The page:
"Yes, those buckwheat cakes were good eating; we ate them with maple syrup. It is hard to get genuine old-fashioned buckwheat flour and real maple syrup these days. We made our own; we youngsters enjoyed the maple sugar making days."
"We want to hear about that, Grandpa, we like maple sugar," exclaimed Dorothy, drawing her chair nearer.
"But I had not finished telling you about the crops. I started to say we had fruit, too, for father put out many kinds, blackberries, raspberries and other small fruit, and an orchard with apples, plums and cherries, no peaches, it was too cold for them in winter. Then we raised cows, pigs, sheep, turkeys and chickens. Mother had her hands full with the milk and butter and the chickens, beside she had her other work, for she made most of our clothes and she was always mending to keep them in repair so they would last longer.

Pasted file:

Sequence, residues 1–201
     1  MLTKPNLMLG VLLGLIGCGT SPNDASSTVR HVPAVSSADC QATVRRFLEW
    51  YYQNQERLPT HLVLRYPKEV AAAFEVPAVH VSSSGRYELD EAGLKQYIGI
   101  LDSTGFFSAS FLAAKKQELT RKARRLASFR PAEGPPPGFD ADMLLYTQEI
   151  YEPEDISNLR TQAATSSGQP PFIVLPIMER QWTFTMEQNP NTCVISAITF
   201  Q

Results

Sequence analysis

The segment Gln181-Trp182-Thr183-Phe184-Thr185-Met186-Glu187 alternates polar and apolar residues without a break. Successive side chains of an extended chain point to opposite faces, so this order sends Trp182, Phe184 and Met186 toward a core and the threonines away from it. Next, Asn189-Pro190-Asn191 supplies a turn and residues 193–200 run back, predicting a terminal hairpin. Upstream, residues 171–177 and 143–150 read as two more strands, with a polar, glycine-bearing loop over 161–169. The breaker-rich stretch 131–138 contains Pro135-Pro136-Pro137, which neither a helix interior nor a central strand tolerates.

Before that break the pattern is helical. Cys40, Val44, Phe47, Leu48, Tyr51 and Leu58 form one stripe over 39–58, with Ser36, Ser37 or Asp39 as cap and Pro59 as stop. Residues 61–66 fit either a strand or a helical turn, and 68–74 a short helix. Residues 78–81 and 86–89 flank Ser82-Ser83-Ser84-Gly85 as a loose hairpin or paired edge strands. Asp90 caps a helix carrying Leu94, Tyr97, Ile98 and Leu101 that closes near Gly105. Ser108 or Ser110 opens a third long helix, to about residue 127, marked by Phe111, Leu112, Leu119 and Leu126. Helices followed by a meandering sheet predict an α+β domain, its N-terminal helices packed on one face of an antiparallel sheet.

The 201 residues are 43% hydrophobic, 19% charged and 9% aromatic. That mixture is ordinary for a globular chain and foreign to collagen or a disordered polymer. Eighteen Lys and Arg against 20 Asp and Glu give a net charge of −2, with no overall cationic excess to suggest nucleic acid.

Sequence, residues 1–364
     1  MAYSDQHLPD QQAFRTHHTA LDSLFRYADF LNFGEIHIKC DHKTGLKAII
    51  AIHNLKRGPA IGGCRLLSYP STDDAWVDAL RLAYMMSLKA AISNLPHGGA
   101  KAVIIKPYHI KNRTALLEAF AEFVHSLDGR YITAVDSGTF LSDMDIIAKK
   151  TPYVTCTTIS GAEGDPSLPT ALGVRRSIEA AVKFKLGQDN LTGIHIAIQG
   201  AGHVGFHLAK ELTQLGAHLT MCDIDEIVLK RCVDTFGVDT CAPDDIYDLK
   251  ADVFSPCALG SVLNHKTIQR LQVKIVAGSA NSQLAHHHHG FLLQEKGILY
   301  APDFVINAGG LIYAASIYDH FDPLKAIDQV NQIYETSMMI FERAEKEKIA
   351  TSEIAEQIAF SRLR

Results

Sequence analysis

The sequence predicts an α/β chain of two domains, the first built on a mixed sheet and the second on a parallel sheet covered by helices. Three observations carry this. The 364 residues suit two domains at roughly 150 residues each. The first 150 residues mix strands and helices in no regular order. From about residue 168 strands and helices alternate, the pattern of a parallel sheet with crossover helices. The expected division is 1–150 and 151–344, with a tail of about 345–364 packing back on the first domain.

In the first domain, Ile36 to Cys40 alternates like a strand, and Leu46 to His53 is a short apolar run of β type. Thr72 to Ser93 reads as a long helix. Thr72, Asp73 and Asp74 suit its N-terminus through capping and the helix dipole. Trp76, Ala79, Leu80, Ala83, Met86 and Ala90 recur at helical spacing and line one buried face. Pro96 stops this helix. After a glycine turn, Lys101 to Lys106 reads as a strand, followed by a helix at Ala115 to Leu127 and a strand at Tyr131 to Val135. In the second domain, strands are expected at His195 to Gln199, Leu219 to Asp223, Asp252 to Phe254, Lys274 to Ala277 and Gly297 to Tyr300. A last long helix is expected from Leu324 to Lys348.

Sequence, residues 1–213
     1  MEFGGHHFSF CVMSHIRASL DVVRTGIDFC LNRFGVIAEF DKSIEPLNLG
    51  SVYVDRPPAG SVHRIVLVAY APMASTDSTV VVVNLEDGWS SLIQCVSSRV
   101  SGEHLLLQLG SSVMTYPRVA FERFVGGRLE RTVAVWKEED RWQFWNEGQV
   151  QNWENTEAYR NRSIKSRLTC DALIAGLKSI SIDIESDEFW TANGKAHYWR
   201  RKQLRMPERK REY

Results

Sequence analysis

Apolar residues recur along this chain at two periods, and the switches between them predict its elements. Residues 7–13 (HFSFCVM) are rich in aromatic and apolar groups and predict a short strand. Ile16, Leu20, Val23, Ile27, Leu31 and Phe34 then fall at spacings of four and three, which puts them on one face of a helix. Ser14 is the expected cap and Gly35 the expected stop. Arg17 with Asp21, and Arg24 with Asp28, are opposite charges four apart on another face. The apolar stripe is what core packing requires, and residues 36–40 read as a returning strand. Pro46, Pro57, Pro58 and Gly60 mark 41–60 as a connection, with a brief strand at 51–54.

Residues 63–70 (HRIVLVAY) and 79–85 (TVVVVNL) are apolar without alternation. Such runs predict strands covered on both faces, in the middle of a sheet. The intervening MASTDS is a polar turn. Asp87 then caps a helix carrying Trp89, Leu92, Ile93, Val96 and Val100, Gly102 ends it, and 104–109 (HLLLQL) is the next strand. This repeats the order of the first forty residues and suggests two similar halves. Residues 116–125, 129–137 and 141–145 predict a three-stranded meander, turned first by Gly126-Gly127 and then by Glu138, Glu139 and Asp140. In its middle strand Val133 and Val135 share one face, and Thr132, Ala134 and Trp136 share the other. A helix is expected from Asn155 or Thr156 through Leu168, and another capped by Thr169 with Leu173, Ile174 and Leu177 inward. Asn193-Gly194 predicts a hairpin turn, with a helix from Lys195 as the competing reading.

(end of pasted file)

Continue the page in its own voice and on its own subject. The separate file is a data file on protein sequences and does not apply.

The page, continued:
"Father and the older boys were kept busy about the farm. Father often said, ‘I have many strings to my fiddle.’ He meant to do all the things he could think of to get along and keep things going. What with milking cows, making butter and cheese, shearing sheep and making maple sugar besides raising his crop, there was not time going to waste around the place.